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Bette! Divine Madness (12/05/1979 - 01/06/1980)


 

New York Times: "Bette! Divine Madness"

How far can you get on overkill? All the way to Hollywood and the Majestic Theater on Broadway if you're Bette Midler, who opened her latest Broadway run at the Majestic last night, hot on the heels of her screen debut in "The Rose." Like Delores Del Lago, the Toast of Chicago, who makes an appearance near the end of the first act, Miss Midler has lots of lungpower and an underwhelming amount of taste. Unlike Miss Del Lago (who's essentially Miss Midler spoofing herself), the real Miss M. also has talent.

It's not always easy to determine just where the talent lies. As a comedienne she's appealingly boisterous and bawdy but by no means extraordinary. She can sing - her new song reveals some hitherto unsuspected vocal subtleties - but she still tends to reduce everything she gets her hands on to showbiz tinsel. That's a showbiz tradition, of course, but Miss Midler doesn't confine her search for material to traditional showbiz sources. "Bette! Divine Madness," which is the official title of the show, finds her singing everything from the updated swing numbers that initially made her famous to ersatz gospel/funk to overwrought rock to a James Taylor ballad. The show-stopper is a medley of "You Can't Always Get What You Want," by Mick Jagger and Keith Richards of the Rolling Stones, and "I Shall Be Released," by Richard Manuel of the Band and Bob Dylan. These are semi-sacred rock anthems, and reducing them to glittery pazazz would seem to be a kind of sacrilege.

There's an implicit message here. Miss Midler seems to be saying that everything in pop culture, including songs and idioms that are in some sense spiritual, are essentially trash. In taking this position she's alligning herself with certain new-wave rockers, who see the music as a pursuit that's fun but frivolous. As usual, her reading of the popular mood is up-to-date; one wonders whose idea it was for several of the band members to dress like new-wave types, in black shirts and skinny ties.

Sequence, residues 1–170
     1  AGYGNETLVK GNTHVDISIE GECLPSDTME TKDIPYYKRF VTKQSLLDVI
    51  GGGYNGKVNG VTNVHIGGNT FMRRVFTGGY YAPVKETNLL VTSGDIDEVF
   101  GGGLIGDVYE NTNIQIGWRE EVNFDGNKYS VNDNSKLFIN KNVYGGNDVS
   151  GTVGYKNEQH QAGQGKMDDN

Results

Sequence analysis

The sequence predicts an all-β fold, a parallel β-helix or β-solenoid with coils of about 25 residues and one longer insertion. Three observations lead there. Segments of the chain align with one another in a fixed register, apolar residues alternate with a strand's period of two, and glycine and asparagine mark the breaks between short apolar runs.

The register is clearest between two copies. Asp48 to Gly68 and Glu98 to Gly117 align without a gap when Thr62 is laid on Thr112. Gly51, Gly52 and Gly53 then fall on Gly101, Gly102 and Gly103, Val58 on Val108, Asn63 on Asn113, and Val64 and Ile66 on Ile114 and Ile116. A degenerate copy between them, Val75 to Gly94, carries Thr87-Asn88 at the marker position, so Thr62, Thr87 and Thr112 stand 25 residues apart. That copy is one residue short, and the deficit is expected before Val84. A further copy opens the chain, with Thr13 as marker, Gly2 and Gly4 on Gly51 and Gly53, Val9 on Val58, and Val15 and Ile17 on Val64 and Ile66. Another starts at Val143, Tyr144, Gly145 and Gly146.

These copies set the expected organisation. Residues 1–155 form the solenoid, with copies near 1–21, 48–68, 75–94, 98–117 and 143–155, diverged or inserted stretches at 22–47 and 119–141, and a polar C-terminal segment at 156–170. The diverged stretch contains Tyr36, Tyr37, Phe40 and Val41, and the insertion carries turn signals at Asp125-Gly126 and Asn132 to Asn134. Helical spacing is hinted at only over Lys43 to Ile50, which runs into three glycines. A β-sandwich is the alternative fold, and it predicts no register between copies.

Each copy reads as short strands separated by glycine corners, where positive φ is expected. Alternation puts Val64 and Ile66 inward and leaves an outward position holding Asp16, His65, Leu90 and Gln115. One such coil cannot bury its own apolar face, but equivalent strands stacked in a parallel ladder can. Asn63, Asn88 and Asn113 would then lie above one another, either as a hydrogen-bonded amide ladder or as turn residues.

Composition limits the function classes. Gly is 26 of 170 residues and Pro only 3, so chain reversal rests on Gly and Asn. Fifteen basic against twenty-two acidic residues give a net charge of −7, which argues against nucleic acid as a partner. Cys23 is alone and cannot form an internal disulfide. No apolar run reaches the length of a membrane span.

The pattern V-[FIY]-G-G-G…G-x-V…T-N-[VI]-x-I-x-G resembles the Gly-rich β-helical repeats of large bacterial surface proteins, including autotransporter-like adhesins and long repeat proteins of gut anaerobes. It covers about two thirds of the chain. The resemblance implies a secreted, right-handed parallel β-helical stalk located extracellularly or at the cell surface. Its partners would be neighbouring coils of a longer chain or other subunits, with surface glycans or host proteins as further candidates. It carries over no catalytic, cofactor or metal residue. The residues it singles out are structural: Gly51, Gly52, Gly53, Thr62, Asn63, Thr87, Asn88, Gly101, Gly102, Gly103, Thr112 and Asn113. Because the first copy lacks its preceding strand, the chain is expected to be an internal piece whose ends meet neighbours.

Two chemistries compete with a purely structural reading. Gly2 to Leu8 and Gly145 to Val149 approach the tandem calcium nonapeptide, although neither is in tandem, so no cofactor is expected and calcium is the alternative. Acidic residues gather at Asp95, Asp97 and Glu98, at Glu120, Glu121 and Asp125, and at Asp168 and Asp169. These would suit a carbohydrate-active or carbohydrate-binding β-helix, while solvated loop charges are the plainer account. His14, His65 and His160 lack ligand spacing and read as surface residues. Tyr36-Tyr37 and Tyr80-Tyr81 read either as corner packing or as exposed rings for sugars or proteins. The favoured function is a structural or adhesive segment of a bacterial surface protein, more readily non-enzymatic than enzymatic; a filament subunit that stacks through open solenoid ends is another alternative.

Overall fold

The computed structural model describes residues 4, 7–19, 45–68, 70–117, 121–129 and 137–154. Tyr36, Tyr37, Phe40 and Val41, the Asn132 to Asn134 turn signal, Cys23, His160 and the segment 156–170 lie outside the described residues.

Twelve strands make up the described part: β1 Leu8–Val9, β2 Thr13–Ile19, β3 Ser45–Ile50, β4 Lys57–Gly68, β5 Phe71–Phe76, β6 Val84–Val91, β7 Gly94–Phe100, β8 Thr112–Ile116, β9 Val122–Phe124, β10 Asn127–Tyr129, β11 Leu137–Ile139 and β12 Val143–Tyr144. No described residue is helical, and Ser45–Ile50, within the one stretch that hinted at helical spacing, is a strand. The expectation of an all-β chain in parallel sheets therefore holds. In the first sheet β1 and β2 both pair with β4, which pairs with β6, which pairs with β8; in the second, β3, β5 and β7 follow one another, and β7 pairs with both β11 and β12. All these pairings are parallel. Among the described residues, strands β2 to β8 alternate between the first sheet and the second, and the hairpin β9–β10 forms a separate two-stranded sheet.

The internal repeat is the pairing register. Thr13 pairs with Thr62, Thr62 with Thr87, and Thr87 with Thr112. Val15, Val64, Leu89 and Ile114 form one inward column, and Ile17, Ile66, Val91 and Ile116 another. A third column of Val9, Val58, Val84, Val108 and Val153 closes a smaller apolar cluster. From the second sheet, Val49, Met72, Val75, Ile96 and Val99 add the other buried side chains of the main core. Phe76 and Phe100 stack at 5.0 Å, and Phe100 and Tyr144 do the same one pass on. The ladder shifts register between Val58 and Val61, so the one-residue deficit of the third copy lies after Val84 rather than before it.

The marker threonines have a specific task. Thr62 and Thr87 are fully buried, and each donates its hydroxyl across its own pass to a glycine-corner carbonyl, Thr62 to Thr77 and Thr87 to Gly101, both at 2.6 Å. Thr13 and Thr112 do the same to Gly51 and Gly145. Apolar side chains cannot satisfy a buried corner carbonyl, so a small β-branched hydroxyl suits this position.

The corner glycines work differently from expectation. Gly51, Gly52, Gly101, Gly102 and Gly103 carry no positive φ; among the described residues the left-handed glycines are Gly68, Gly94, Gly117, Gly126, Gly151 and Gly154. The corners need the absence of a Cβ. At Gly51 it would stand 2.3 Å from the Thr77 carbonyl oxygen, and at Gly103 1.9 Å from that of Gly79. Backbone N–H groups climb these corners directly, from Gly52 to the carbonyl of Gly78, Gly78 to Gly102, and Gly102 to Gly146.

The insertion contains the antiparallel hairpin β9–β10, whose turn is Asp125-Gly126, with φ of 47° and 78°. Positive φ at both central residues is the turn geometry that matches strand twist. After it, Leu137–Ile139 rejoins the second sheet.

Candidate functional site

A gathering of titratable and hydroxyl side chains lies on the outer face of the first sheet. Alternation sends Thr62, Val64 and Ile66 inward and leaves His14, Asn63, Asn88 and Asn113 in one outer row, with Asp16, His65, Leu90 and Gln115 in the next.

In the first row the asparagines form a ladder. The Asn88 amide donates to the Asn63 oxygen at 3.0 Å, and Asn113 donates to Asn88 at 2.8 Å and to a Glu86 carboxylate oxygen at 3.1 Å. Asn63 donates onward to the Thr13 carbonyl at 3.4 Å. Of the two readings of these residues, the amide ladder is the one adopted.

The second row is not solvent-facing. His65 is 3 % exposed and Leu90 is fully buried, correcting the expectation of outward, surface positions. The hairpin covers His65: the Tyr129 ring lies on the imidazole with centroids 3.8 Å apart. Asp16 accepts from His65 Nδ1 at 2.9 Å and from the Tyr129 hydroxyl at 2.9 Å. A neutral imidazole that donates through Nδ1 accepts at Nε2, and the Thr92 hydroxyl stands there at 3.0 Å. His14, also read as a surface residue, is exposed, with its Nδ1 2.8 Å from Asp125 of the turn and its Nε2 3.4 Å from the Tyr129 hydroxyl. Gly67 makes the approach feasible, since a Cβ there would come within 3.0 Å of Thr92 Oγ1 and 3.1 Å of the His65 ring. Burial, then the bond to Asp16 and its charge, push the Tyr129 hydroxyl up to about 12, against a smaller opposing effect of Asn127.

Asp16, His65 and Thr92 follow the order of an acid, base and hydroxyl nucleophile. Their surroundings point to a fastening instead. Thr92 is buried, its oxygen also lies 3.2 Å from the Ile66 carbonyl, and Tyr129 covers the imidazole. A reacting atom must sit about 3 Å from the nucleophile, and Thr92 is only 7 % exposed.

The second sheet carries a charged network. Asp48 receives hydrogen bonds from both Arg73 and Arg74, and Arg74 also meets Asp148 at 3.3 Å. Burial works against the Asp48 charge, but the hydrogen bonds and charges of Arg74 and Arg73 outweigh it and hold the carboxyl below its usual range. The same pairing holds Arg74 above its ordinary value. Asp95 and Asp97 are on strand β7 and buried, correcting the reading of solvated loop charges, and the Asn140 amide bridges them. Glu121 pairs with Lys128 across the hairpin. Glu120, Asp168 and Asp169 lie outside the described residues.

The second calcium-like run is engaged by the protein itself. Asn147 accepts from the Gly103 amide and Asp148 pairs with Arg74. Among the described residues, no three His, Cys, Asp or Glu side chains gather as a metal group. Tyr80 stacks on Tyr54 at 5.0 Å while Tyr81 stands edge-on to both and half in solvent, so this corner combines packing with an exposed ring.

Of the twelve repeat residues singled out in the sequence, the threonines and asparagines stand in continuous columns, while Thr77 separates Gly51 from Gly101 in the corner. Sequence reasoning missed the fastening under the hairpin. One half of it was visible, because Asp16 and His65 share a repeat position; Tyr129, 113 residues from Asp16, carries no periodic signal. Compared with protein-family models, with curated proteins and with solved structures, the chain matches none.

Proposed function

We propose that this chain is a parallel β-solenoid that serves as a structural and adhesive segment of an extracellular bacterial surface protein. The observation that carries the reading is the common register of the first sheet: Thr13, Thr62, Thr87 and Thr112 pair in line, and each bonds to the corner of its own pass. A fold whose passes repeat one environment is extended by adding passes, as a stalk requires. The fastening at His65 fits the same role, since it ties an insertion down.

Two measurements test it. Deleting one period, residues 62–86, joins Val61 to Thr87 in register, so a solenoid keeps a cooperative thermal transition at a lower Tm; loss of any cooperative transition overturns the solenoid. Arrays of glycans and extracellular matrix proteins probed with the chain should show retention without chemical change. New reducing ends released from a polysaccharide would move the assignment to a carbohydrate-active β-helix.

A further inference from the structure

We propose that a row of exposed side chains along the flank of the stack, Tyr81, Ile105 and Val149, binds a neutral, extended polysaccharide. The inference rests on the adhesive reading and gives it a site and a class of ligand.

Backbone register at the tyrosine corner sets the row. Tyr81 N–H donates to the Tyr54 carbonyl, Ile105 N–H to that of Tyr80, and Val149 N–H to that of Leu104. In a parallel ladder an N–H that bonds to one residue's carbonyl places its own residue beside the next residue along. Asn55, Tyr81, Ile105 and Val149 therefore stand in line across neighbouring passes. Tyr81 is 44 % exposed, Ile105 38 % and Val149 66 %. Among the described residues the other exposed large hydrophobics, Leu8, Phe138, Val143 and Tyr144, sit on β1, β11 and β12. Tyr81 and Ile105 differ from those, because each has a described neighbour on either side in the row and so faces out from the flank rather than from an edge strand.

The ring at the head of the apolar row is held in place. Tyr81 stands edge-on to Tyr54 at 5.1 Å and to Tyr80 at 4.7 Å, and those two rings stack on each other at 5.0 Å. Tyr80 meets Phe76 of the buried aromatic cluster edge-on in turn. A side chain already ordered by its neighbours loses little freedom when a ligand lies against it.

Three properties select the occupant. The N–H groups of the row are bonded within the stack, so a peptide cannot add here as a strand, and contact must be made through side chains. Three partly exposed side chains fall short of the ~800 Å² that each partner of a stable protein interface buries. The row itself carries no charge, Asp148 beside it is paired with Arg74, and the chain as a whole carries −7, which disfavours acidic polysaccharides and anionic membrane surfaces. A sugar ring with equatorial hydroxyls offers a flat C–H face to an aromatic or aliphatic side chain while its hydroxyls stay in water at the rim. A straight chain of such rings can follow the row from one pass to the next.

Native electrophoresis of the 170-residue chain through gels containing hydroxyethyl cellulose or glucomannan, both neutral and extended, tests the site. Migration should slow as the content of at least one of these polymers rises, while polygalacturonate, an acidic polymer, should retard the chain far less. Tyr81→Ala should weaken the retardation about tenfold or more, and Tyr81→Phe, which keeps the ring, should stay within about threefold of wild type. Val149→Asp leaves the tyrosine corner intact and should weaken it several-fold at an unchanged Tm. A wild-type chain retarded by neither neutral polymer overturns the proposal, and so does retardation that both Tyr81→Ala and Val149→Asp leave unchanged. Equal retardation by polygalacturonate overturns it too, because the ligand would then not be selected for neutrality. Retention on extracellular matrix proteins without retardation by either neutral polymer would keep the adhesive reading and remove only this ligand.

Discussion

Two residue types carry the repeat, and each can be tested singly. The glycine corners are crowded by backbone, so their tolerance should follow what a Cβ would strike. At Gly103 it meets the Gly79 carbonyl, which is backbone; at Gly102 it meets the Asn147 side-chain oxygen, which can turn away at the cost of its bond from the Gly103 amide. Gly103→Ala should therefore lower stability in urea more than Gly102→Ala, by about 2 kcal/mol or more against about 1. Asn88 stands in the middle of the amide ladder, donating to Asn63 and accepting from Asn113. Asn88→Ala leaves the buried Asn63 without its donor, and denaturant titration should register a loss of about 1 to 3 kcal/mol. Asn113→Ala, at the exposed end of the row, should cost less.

But there's also an explicit message at the very end of the show, which finds Miss Midler combining the soul ballad "When a Man Loves a Woman" with quotes from two other soul classics, "It's a Man's World" and "A Change Is Gonna Come." The message is that "change is gonna come in this man's world," and since Miss Midler only recently freed herself of her male manager and began managing herself, a fact to which she alludes early in the show, her intent could hardly be clearer. This is the heart of Miss Midler's talent; she's consistently been able to offer evenings of pure entertainment while suggesting that something more meaningful might be taking place.

Whether this final stab at relevance really means anything, coming as it does after two hours of fast-paced, campy silliness, is another matter. Miss Midler is such a pro at faking emotions that it's difficult for this listener, at least, to catch much feeling from her singing, even when she seems to mean it. Ultimately, the show's implicit message - pop culture as trash - is its dominant message. It sparkles to hide its emptiness.

Some of the show's sparkle, though, invites unrestrained admiration. Chipmonck has outdone himself with his lighting designs. And Shabba-Doo, the dancer who used to be on television's "Soul Train," brings more style and elegance to the stage than Miss Midler and her sweet-sounding but all too anonymous Staggering Harlettes put together.


New York Times
12/06/1979

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